Who’s Afraid of a Little Kiss?

Even if you haven’t seen it yet, you will have heard about the viral video entitled ‘First Kiss’. The three-and-a-half minute video, shot in black and white, shows ten pairs of strangers kissing for the first time and it has become the latest YouTube hit with over 44 million views. But there is a twist.


The video was released by the artist on Monday morning to a couple of friends. Through the infinite power of online sharing, it then reached staggering viewers in a matter of hours. All the comments on the YouTube video were exceedingly positive as viewers were intrigued by the reactions of people sharing a first kiss with a stranger. Even the media outlets who wrote articles and shared the video discussed its beauty as a piece of art capturing the awkward moment.

Then everything turned.

People started to find out that it was actually commissioned by fashion house WREN. From that point on, opinion turned. Suddenly this video was just another viral marketing stunt. A tacky set up with actors rather than real people and scripted reactions. Comments on the video went from exceedingly positive to incriminating and all the articles about the short film were focussed on deceptive marketing.

This response would be understandable if the public found out that the short film had been commissioned by global conglomerate Ralph Loren, Versace or even ChapStick. But it was produced by a tiny fashion house of four workers in Los Angeles that was looking for an alternate way to spread word about their brand as they couldn’t afford a runway show.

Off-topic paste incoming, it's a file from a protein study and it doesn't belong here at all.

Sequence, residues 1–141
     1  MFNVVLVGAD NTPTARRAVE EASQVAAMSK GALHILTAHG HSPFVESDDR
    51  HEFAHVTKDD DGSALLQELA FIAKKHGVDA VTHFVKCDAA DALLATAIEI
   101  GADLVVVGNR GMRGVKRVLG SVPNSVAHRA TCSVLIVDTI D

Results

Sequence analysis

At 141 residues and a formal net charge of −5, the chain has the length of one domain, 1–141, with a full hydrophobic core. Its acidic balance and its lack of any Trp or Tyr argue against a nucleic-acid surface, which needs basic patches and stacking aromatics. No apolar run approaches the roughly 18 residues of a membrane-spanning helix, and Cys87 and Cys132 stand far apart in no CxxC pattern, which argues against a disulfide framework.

Video creator, Tatia Pileva, has been defending her video this week. As it turns out, most of the participants are models or musicians who are friends with Tatia Pileva. But it is not scripted. All the kissers are still strangers. And the reactions are genuine.

This isn’t exactly the headquarters for the dark arts of marketing. It’s a tiny company that thought they would try something different. And it isn’t exactly the same deceptive marketing used by global brands.

The video starts with ‘WREN presents’ and WREN are credited for their clothes in the credits. There haven’t been any efforts to conceal the fashion house producer behind the internet sensation.

Yet there has been a global turn in the reception of this short film.

What is it about the commercialised idea of this short film that makes its supporters completely change their opinion? Are we really that afraid of being exposed to advertising?